Europe struggles to cope with migrants' march of misery

That's what the Hungarian interior minister said the migration pressure in Europe is creating in countries like his and Serbia, as well as others.

The main border crossing station between Hungary and Serbia reopened on Sunday, Hungarian government officials confirmed. The closure of the Roszke border crossing caused thousands of asylum seekers over the past week to try to travel through Croatia instead.

"The migration pressure which is falling heavy on Europe has created extraordinary situations in Hungary as well as in Serbia," said Hungarian Interior Minister Sandor Pinter. "We have devised a solution to this extraordinary situation together, and we attempted to resolve it together."

Pinter voiced his regret that it was only possible to resolve the situation by closing the border crossing stations for a fixed term. But he stressed that Hungary and Serbia are good neighbors and said the reopening of the border crossing station demonstrates the determination of the two countries to work together in crisis situations.

Nearly 1,600 migrants left the Croatian town of Tovarnik for the Hungarian border Sunday evening, according to the Croatian Interior Ministry. Croatian authorities are expecting more migrants at the border crossing.

For days, hundreds of refugees from the Middle East made the final leg of their trip through Hungary on foot, walking the 4 kilometers (2.5 miles) to the Austrian border in the middle of the night, unsure of what was going to happen to them when they got there.

After a train ride from the Croatian-Hungarian border, about 300 to 400 people were trekking through the dark early Sunday with Hungarian police as their guides through the village of Hegyeshalom.

It had already been a long day for the refugees. They had been on the train since the morning. There was very little food or water. When they stepped off the train, they had no idea where they were or where they were going.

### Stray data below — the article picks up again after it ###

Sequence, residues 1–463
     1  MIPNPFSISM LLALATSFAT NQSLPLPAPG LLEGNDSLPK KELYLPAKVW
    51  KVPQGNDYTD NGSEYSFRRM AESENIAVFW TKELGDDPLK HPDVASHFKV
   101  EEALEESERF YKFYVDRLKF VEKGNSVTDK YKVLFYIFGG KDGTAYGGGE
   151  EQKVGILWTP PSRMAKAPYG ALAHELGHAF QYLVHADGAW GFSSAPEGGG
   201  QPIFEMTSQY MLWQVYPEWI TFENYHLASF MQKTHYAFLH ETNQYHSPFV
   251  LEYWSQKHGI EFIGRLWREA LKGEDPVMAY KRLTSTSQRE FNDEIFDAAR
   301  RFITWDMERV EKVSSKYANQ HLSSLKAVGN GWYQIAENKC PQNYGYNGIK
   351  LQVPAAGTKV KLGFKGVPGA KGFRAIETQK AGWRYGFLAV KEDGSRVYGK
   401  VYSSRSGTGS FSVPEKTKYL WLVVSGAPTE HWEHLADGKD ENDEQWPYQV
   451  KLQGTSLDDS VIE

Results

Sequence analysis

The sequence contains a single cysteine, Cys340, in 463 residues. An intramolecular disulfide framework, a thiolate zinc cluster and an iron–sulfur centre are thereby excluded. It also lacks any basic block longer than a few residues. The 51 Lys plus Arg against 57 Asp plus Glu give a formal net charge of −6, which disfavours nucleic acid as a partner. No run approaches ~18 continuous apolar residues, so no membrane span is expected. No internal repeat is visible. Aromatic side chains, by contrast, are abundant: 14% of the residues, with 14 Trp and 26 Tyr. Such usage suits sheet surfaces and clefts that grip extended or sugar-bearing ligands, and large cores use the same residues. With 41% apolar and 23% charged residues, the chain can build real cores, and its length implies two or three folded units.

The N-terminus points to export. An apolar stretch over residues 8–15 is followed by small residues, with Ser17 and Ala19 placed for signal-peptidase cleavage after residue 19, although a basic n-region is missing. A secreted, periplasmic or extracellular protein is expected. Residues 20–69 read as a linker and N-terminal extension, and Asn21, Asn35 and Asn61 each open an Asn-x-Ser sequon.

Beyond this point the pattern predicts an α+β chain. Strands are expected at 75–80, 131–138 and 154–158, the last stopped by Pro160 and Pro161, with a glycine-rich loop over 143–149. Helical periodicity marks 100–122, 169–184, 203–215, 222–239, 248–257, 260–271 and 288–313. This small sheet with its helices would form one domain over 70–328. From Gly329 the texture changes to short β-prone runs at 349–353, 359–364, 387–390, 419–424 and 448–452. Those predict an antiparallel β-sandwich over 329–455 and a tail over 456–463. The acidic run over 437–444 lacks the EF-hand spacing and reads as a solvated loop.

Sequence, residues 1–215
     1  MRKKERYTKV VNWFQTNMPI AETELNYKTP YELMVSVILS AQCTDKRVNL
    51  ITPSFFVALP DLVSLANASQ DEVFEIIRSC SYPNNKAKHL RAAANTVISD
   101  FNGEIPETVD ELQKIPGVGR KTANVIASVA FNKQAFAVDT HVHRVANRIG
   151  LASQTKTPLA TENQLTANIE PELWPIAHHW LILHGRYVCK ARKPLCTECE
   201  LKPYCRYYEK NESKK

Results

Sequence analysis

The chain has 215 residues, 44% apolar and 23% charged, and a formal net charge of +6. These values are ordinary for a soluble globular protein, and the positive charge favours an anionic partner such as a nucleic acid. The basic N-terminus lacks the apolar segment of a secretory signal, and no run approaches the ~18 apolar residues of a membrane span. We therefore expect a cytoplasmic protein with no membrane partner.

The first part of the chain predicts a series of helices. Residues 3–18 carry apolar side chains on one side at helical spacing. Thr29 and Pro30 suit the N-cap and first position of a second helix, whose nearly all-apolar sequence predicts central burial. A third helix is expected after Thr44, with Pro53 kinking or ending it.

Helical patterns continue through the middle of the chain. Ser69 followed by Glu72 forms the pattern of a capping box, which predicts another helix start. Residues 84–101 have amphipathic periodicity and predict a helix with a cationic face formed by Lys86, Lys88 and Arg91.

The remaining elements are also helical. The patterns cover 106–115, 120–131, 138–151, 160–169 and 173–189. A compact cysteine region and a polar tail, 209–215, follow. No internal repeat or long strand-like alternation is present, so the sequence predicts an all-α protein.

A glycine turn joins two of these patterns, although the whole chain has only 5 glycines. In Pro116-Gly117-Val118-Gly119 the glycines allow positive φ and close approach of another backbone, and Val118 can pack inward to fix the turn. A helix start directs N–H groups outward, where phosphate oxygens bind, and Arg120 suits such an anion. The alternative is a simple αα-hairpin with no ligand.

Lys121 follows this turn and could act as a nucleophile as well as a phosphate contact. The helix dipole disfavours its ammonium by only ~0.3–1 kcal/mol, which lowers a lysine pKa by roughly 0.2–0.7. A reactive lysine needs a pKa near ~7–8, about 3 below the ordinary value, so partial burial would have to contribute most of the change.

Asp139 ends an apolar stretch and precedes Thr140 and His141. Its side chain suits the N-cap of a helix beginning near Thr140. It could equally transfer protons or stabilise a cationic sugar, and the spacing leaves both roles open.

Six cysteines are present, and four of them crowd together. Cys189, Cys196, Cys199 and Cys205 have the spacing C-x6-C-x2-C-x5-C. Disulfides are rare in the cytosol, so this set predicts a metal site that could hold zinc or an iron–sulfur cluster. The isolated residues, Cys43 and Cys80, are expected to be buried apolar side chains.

Austria lay ahead. Thousands a day before them have poured over that border from Hungary.


Migrants drowned, missing, in two incidents at sea


The loss of life continued elsewhere as refugees and migrants forged ahead on the dangerous journey from the Middle East and Africa to Europe.

The bodies of at least 14 refugees were recovered and another 24 refugees are missing in separate incidents in the Aegean Sea on Sunday.

At least 13 people -- including 5 children and an infant -- died when their boat heading to Greece collided with a cargo vessel in the Aegean Sea off the coast of western Turkey, according to a statement released on Sunday from the Turkish coast guard and Turkish state media.

Many of these passengers were believed to be Syrian, the Turkish coast guard said. Eight of the passengers were rescued and taken to hospital in Turkey. The coast guard dispatched a helicopter, five intervention boats and a search-and-rescue ship to try to save people involved in the incident.

In a separate but nearby incident, the Greek coast guard continues to search for up to 24 refugees who went missing when their boat sank off the eastern Aegean island of Lesbos, a Greek coast guard press officer told CNN.

The refugees were spotted by a coast guard helicopter earlier on Sunday and a vessel was dispatched to the area. The Greek coast guard said 48 refugees were aboard the boat when it left Turkey, 24 of whom were rescued. The body of a little girl was recovered but the Greek coast guard was not able to confirm if she was on the same boat or if she drowned in a separate incident.